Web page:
3) Catatonia Due to Another Mental Health Condition: Defined by cataplexy, waxy flexibility, stupor, agitation, mutism, negativism, posturing, mannerisms, stereotypies, grimacing, echolalia or echopraxia due to mental health condition.

4) Disruptive Mood Dysregulation Disorder: Defined bytemper tantrums, chronic irritability, and dysphoric mood. Onset age 6-10, but may be diagnosed up to age 17.

5) Premenstrual Dysphoric Disorder: Defined by depressivesymptoms that are most severe in the week before menses, and minimize or disappear during and after menses.

6)  Agoraphobia: Defined by fear of at least two situations in which escape may be impossible or help will not be available.

7)  Hoarding Disorder: Defined byurges to save objects which have little or no value; clutter makes living or working increasingly difficult; strong distress related to discarding objects.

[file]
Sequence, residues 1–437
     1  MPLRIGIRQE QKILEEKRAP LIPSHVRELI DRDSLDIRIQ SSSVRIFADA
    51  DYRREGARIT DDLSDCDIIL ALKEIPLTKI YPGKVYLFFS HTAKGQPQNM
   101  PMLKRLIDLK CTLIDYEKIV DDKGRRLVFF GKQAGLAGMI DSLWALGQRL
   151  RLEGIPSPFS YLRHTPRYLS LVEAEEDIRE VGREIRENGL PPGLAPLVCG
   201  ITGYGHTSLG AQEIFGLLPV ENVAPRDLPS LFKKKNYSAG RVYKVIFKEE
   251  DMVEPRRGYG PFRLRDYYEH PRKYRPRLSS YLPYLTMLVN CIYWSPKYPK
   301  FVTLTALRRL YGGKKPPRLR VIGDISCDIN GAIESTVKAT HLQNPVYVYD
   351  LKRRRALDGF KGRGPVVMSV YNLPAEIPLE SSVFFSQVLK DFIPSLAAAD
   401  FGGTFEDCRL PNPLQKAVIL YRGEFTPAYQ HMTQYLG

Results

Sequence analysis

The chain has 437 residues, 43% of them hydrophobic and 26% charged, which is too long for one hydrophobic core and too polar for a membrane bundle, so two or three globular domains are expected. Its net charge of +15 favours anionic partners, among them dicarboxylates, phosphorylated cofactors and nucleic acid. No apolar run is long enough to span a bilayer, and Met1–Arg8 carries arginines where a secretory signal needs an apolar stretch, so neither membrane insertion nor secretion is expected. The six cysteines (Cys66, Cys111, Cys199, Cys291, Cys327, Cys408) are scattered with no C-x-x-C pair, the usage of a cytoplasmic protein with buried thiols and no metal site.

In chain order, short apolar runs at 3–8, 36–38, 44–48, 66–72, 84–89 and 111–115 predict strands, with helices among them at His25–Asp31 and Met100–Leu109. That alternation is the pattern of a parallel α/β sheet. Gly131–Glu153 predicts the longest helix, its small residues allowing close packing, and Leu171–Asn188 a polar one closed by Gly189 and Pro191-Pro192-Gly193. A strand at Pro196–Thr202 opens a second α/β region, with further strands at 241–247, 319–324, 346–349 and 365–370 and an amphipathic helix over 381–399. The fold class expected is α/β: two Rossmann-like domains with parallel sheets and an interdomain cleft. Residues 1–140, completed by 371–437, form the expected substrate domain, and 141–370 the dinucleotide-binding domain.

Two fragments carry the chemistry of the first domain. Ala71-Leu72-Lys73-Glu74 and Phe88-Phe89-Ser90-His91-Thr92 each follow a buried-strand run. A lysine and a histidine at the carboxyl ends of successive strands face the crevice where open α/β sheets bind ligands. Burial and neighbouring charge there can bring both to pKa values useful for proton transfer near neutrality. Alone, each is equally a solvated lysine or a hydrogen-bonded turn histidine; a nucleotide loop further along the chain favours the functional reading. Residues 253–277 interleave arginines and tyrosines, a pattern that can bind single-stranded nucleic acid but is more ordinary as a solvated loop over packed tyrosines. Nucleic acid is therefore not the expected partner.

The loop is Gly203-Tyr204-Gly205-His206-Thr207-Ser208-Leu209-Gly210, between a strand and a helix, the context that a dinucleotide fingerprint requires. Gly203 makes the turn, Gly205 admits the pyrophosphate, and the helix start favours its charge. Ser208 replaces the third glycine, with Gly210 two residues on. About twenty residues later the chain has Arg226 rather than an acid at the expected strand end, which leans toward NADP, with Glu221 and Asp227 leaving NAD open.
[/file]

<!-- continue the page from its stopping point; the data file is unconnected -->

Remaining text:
8)  Excoriation (Skin-picking) Disorder: Defined by picking at the skin that results in lesions.

9)  Binge-Eating Disorder: Defined by eating more than a normal person would in the same span of time, feeling guilty about doing so. No purging.

10)  Obstructive Sleep Apnea Hypopnea, Central Sleep Apnea and Sleep-Related Hypoventilation: Defined by specific sleep distubances and confirmed by Polysomnography.

11)  Restless Legs Syndrome: Defined by sensations of discomfort in the legs that occur at night, when trying to relax or sleep.

Here are the 17 diagnoses from the DSM IV that have new names in the DSM 5:

1) Intellectual Disability (Intellectual Developmental Disorder): Replaced Mental Retardation. Defined by global intellectual delays.